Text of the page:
Argentina's schools to show World Cup in the classroom

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Children in parts of football-mad Argentina will have no excuse for playing truant when the World Cup kicks off in June.

Authorities in some provinces are letting them watch their national team's matches on television in the classroom.

The decision by officials in the capital, Buenos Aires, and the provinces of Cordoba and Mendoza in the centre and west of the country will allow high-school children to tune in as Argentina bid for a third World Cup triumph.

"It's just common sense," said Amelia Lopez, the education minister in Cordoba, who oversaw the measure. "Kids in this country get very distracted by the World Cup. What was the choice? To encourage them to miss school?"

Argentina's education ministry has even published a 47-page booklet to help teachers to plan lessons around the World Cup fixtures over the coming months.

Argentina are drawn in Group C. They play their first match against Ivory Coast on 10 June, and will also meet Serbia and Montenegro and the Netherlands.

Although the country virtually grinds to a halt for the World Cup, the establishment newspaper Clarin said the decision to allow the schools to show matches at their discretion during class time was a disgrace.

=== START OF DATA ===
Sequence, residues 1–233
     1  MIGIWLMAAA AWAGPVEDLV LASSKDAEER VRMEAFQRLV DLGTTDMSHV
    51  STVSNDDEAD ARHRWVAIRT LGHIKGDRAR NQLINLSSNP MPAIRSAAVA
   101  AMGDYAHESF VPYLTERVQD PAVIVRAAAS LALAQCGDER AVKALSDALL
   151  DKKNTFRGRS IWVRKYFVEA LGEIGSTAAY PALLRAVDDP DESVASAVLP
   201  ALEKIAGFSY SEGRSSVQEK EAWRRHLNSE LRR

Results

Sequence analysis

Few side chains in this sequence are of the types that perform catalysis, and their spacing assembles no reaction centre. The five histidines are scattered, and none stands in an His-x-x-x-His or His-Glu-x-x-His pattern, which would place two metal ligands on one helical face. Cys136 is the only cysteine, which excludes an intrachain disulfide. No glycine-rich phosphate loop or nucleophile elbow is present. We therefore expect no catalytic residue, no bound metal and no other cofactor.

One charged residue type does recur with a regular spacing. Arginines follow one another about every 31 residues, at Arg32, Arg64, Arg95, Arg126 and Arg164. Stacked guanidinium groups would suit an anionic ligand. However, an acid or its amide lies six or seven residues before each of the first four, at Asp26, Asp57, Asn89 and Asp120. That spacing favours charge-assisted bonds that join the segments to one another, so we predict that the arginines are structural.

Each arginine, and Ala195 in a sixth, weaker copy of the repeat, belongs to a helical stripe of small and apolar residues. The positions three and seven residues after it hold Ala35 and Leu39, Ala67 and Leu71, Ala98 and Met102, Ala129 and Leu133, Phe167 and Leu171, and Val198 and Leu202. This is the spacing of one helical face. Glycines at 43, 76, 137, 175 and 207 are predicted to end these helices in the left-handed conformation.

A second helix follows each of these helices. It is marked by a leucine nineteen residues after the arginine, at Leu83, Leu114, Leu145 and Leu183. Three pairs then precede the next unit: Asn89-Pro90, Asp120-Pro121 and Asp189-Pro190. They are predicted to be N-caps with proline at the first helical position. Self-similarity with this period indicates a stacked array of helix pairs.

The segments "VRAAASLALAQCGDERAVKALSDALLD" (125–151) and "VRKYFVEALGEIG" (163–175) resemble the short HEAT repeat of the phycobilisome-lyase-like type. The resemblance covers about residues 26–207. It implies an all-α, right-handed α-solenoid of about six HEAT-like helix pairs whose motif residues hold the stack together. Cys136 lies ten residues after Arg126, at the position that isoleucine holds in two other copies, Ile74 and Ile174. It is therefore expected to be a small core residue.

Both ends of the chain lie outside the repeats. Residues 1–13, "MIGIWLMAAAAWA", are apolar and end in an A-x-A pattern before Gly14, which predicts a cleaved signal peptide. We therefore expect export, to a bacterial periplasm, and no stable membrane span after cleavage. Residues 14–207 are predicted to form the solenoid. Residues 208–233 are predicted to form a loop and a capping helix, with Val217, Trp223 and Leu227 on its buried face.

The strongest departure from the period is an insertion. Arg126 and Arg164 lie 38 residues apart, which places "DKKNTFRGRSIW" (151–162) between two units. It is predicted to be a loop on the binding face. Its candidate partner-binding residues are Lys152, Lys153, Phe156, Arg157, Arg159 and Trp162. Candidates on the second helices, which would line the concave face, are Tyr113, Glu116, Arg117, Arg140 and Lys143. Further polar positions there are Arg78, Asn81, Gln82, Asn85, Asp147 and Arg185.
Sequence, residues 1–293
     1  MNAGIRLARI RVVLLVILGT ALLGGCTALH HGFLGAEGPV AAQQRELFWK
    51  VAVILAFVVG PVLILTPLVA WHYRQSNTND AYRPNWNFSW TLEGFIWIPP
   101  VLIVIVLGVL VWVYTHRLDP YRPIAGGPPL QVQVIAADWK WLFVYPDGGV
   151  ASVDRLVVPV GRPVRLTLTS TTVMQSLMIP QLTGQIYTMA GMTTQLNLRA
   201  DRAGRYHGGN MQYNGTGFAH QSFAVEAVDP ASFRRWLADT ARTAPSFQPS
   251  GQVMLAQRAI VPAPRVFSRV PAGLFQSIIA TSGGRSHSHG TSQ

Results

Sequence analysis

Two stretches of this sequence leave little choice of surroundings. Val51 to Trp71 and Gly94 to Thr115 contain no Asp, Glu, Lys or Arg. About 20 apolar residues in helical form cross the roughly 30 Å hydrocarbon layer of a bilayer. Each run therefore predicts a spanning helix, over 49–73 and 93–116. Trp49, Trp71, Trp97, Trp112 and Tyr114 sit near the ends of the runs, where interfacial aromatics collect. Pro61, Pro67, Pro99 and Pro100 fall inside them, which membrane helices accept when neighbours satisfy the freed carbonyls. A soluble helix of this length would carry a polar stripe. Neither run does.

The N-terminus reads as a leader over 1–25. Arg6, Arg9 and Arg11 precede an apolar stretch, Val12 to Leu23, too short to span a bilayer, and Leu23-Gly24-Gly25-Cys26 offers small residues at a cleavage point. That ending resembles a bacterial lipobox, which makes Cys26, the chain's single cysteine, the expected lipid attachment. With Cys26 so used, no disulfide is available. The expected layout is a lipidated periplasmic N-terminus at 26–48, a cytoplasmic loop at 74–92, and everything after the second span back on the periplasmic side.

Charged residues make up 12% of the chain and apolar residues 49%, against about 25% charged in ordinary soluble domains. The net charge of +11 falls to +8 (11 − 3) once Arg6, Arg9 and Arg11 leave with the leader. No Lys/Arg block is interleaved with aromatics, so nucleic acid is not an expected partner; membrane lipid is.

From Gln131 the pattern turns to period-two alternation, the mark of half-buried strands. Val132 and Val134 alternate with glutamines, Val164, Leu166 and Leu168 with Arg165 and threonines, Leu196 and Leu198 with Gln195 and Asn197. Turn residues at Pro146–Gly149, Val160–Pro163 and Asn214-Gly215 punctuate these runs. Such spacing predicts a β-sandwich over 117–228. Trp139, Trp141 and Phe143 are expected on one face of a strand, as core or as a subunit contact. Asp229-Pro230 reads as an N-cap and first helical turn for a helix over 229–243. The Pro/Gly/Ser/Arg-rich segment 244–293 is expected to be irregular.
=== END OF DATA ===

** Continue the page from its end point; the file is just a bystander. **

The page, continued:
"It implies putting a sporting event ahead of history, geography or maths. It is tacitly devaluing formal education for as long as Argentina remain in the World Cup," the paper said.

Emma Cunietti, an education minister in Mendoza, said World Cup truancy was a big problem and "football shouldn't be a threat for schools".

Argentina's Education Minister, Daniel Filmus, said schools "can't ignore an event that is so important to people".

"I don't think there's anything wrong with turning on a television in a classroom or in a playground to watch a match together. It can be a very enriching experience," he said.

He also proposed that schools should use the World Cup finals as a teaching tool.

Jose Maria Tessa, a leader of the Argentine teachers' union CTERA, agreed, saying the World Cup could bring geography and history lessons alive, and be used as a springboard to discuss international relations and social customs in different countries. Goal averages, points and rankings could even help with maths.

"I think the idea's spot on, starting from the fact that it will encourage all kids to go to school," he said.